Unicode in Python 2
How to deal with Unicode in python2
There are a lot of bugs in various of the python2 scripts to do with unicode. However, python2 handles unicode input/output just fine if you stick to certain safe methods.
Here's how to read unicode from the terminal, do something with the text, and print it back as unicode:
#!/usr/bin/python2 # coding=utf-8 # -*- encoding: utf-8 -*- from __future__ import unicode_literals import sys for line in sys.stdin: # Turn the input str into a unicode object: uline = line.decode('utf-8') # Do something with the text, e.g. get the first char: if len(uline)>1: firstchar = uline # Turn the unicode object into a string before outputting: print firstchar.encode('utf-8')
If you stick to the habit of always decoding what you read, and encoding what you print, you'll have no trouble with Unicode in python2.
This way you don't need any hacks (e.g. adding a sitecustomize.py saying sys.setdefaultencoding('utf-8'), a practice which is discouraged.)
Note: The reason for including the coding=utf-8 and encoding:utf-8 comment lines, and import unicode_literals, is to tell python2 that if it sees a hardcoded, non-ascii character in the file, treat it as unicode.
Try leaving out the
.encode('utf-8') and see what happens when you give it
e.g. "šfoo" as input. It'll try splitting in the middle of a letter,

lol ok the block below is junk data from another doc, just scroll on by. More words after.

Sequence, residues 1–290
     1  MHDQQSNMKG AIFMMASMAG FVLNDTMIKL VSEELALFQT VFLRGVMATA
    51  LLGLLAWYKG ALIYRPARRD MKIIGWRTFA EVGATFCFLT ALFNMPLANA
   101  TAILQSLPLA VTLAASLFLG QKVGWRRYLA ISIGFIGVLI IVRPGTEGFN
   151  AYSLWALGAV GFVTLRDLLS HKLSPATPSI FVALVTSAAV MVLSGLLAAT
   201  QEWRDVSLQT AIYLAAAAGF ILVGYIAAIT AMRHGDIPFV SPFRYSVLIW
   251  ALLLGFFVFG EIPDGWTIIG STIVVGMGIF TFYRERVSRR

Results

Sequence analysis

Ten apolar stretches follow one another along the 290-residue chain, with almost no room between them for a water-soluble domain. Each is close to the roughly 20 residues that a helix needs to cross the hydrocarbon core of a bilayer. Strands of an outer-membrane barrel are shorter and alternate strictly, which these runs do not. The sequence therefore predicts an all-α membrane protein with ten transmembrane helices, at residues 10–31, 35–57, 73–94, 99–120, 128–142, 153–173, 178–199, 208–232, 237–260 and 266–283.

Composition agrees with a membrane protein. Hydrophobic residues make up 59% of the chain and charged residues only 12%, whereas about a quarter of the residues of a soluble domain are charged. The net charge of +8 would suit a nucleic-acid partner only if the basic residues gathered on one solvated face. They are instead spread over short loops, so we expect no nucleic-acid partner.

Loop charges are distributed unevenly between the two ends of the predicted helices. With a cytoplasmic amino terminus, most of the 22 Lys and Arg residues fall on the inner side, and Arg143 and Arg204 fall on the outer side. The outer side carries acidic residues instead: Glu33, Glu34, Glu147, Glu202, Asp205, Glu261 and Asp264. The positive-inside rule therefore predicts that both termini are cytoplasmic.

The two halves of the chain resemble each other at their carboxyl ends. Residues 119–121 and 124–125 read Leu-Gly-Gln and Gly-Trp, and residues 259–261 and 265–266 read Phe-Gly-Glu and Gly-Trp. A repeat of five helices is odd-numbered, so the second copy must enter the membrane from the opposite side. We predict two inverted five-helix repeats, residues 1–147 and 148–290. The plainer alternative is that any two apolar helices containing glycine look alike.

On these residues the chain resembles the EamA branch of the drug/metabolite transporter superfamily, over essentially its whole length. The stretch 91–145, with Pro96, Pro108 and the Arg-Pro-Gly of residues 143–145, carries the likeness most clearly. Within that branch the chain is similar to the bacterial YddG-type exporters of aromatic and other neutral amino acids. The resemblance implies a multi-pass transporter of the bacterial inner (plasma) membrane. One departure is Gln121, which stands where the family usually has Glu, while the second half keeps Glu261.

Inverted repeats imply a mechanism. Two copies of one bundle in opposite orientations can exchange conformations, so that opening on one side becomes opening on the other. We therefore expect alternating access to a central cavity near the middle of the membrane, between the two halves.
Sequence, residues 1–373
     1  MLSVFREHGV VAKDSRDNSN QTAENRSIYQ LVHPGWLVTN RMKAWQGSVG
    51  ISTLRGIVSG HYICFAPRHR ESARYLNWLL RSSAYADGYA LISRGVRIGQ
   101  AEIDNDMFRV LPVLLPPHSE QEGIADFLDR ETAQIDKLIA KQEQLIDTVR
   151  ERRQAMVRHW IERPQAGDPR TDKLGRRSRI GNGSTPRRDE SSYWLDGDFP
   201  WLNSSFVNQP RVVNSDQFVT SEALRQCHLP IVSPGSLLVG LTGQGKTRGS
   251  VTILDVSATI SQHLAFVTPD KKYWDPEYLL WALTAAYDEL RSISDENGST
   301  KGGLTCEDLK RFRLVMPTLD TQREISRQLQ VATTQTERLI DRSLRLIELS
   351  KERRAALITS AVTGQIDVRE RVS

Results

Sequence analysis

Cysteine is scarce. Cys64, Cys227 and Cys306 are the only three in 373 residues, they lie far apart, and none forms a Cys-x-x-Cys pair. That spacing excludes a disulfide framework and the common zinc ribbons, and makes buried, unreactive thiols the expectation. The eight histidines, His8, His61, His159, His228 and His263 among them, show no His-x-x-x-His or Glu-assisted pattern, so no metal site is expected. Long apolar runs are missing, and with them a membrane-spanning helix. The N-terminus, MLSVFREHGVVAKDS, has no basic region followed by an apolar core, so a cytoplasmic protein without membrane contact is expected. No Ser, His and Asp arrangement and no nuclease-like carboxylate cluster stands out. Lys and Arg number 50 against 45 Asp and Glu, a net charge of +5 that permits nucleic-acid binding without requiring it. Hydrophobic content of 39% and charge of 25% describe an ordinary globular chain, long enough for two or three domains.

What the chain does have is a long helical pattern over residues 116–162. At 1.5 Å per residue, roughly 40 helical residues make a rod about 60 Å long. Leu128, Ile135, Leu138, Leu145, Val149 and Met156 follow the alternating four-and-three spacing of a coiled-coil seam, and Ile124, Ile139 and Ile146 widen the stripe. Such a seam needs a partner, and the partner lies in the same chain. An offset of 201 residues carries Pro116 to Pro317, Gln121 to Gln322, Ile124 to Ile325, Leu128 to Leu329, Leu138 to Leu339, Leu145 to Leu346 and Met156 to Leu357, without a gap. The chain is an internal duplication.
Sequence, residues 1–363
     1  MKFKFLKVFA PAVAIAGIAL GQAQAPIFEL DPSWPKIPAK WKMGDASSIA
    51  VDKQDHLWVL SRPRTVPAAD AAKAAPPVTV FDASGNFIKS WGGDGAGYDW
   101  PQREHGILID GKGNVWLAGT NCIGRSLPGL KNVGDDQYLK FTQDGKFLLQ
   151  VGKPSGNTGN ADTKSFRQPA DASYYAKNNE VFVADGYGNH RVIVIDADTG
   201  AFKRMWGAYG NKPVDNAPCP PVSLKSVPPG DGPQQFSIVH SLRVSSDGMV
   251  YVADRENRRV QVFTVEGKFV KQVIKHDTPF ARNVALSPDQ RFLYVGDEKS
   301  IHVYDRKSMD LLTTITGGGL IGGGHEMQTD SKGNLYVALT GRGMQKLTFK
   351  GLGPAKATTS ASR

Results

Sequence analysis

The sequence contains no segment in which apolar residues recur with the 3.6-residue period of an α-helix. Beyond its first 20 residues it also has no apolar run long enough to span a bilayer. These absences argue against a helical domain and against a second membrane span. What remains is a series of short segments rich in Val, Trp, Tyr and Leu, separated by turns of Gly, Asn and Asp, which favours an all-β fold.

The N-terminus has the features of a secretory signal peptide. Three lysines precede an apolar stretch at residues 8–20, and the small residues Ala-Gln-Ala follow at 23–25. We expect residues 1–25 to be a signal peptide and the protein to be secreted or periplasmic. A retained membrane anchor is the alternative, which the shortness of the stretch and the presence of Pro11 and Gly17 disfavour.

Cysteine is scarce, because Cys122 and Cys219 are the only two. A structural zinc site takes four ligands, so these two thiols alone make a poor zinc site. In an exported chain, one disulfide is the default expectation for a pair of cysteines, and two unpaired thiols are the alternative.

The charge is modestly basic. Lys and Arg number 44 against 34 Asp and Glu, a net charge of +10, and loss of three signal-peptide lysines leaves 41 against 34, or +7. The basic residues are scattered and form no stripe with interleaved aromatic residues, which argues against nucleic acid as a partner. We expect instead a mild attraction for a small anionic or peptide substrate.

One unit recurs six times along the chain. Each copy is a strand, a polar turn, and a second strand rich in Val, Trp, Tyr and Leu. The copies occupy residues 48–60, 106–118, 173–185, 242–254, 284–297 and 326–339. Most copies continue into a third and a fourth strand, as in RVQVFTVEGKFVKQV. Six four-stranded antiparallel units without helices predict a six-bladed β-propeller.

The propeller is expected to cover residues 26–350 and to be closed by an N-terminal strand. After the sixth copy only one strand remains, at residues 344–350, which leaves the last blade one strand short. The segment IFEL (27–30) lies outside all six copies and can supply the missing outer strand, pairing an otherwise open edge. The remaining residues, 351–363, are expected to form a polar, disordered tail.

and give you output like � instead of š.
The reason for this is that the input to python is of type str, not type unicode. You can see what the str looks like in the python interpreter:
>>> "šfoo" '\xc5\xa1foo'
The š is represented as two "characters": \xc5\xa1. And here's what happens when you try to get the first char:
>>> "šfoo" '\xc5'
However, if decode the unicode before doing
, the string is split between the real letters.
If you only leave off the decode, not the encode, you'll get:
Traceback (most recent call last): File "foo.py", line 16, in <module> print mangled.encode('utf-8') UnicodeDecodeError: 'ascii' codec can't decode byte 0xc5 in position 0: ordinal not in range(128)
(Ie. the half-letter \xc5 wasn't possible to treat as ascii.)
If you only leave off the encode, it might print fine to your terminal, but will give an error when you redirect to a file:
Traceback (most recent call last): File "foo.py", line 16, in <module> print mangled UnicodeEncodeError: 'ascii' codec can't encode character u'\u0161' in position 0: ordinal not in range(128)
The tracebacks in themselves say what's missing (decode vs encode).